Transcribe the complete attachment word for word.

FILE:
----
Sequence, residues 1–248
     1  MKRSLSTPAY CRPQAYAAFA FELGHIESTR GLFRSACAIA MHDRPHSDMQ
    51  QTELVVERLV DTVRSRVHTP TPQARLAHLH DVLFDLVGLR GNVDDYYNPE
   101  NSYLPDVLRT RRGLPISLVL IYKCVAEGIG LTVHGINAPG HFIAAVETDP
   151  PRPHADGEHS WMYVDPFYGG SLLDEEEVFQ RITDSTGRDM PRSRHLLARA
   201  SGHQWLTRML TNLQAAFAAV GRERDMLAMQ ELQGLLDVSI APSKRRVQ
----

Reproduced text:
Sequence, residues 1–248
     1  MKRSLSTPAY CRPQAYAAFA FELGHIESTR GLFRSACAIA MHDRPHSDMQ
    51  QTELVVERLV DTVRSRVHTP TPQARLAHLH DVLFDLVGLR GNVDDYYNPE
   101  NSYLPDVLRT RRGLPISLVL IYKCVAEGIG LTVHGINAPG HFIAAVETDP
   151  PRPHADGEHS WMYVDPFYGG SLLDEEEVFQ RITDSTGRDM PRSRHLLARA
   201  SGHQWLTRML TNLQAAFAAV GRERDMLAMQ ELQGLLDVSI APSKRRVQ